The name of Mr Alexander Mitchell has appeared before in this history and now appears for the last time because, at the Session Meeting on Wednesday 1st August 1956, the minister announced that Mr Mitchell had passed away after having served for 53 years as an elder as well as singing in the church choir, conducting the Junior Choir and teaching in the Sunday School.
A joint committee with representatives from the Church of Scotland and the Church of England had been meeting for some time to discuss a closer liaison between the two and a joint report, commonly known as the “Bishop’s Report”, was sent down by the General Assembly of the Church of Scotland in 1957 for consideration by Kirk Sessions and congregations. When the matter came before the General Assembly in 1959, however, the commissioners decided that a union on the basis of that report was unacceptable.
A local committee set up in September 1956 as part of the “Tell Scotland” campaign proposed that a house-to-house visitation of the whole burgh should be carried out from 6th to 20th October 1957. All the churches accepted this proposal and, as part of the scheme, a series of lectures organised by the Presbytery and entitled “The Bible Today” was given in Paisley. This was followed in 1957 by an announcement that training for personnel taking part in the visitation would take the form of four lectures delivered by the Reverend Donald F. MacDonald MA of Lylesland, Paisley on four successive Fridays in September prior to the visitation. Trinity Church halls were established as the headquarters of the venture and each evening, during these two weeks, visitors went out and visited every home in the burgh. It was very difficult to assess the true value of such an effort but the movement seemed to create a greater interest in the church. There can be no doubt, however, about the effect on those involved in the outreach: the social contact with fellow workers, the meeting with the people as they went from door to door and the joint act of worship at the close of each day were all experiences that left their mark. The whole campaign was followed up by a series of meetings conducted in Trinity Church hall by the Dr William Barclay.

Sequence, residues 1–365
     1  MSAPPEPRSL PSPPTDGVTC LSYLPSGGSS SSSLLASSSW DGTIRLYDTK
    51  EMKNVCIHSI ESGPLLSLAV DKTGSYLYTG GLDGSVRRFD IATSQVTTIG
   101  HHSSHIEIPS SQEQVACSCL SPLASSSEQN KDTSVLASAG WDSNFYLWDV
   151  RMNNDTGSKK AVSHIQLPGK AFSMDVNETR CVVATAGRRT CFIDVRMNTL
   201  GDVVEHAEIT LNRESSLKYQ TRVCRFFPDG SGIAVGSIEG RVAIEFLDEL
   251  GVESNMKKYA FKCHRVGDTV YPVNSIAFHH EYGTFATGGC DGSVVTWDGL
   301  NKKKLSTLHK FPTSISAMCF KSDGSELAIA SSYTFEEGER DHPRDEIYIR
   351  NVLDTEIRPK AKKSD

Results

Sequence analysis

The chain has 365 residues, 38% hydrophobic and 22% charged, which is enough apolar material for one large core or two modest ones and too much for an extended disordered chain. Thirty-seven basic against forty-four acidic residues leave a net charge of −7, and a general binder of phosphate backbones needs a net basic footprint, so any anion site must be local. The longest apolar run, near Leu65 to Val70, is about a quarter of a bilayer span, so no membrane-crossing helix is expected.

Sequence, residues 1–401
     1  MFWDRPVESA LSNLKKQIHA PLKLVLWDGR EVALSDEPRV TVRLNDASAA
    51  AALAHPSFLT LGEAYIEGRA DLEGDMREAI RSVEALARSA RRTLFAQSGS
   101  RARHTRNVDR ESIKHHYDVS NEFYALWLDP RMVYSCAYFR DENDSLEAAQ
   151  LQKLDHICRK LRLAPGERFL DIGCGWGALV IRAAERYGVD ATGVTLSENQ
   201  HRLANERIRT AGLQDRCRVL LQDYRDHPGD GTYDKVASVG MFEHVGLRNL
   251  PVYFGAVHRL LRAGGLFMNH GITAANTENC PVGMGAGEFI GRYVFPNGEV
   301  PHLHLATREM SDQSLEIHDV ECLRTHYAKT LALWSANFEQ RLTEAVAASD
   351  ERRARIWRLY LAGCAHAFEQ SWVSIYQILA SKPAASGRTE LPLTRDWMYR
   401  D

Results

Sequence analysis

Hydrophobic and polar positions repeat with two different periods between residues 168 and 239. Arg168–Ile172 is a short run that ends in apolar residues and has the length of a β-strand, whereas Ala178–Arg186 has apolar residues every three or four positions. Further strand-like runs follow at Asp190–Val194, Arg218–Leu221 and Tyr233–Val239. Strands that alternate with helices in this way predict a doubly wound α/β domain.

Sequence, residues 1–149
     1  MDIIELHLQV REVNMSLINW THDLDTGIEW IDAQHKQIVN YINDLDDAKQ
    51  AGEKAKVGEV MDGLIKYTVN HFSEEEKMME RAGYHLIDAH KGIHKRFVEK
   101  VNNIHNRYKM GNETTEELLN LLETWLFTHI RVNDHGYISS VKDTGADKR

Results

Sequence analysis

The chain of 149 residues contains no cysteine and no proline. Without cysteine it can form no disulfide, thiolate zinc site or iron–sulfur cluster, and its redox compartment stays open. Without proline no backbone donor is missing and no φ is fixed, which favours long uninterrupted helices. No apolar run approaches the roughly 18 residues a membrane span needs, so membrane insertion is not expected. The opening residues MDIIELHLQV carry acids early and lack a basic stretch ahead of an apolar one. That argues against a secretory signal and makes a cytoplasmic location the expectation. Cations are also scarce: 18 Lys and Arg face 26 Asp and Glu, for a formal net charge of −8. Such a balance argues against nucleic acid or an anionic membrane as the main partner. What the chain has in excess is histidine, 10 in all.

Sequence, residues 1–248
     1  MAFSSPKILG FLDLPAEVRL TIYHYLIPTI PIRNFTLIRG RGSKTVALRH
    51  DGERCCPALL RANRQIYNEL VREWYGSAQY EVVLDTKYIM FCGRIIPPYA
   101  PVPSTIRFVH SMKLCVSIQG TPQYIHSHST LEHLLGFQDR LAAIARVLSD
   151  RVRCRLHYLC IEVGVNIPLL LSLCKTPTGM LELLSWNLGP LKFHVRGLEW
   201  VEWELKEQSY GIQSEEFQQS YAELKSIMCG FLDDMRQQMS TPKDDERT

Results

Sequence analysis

An important event celebrated in 1960 was the four hundredth anniversary of the Reformation. On the 4th October a special joint service was held in Renfrew Old Parish Church. All the Church of Scotland ministers took part and the Reverend McWilliams MA STM of Wellington Church, Glasgow preached the sermon.
In September 1961, the Kirk Session agreed to the formation of a Mothers’ Fellowship under the presidency of Mrs W S Armstrong. This organisation flourished and in its first year had over forty members.
The celebration of the centenary of Trinity Church had been discussed as early as December 1956 when representatives of the Kirk Session and the Managers’ Court met. This was followed by a joint meeting of all the office bearers and, finally, by a special meeting of the congregation on Monday 16th May 1960 when it was decided to mark the event by the cleaning and the redecoration of the church and, in addition, by the erection of a brass plaque bearing the names of all the ministers to date. It was also decided to present the minister with new robes.
The final paragraph in this part of the history is a quotation from a booklet published for the centenary:
“To the countless men and women of the past we owe much: to the men and women of the present we owe much: to the men and women of the future we owe much and only by prayer, worship and obeying the lead of the Spirit can we fulfil that debt. God has richly blessed us in the past. May that blessing be upon us for the present and the future that His name may be glorified and His truth manifested.”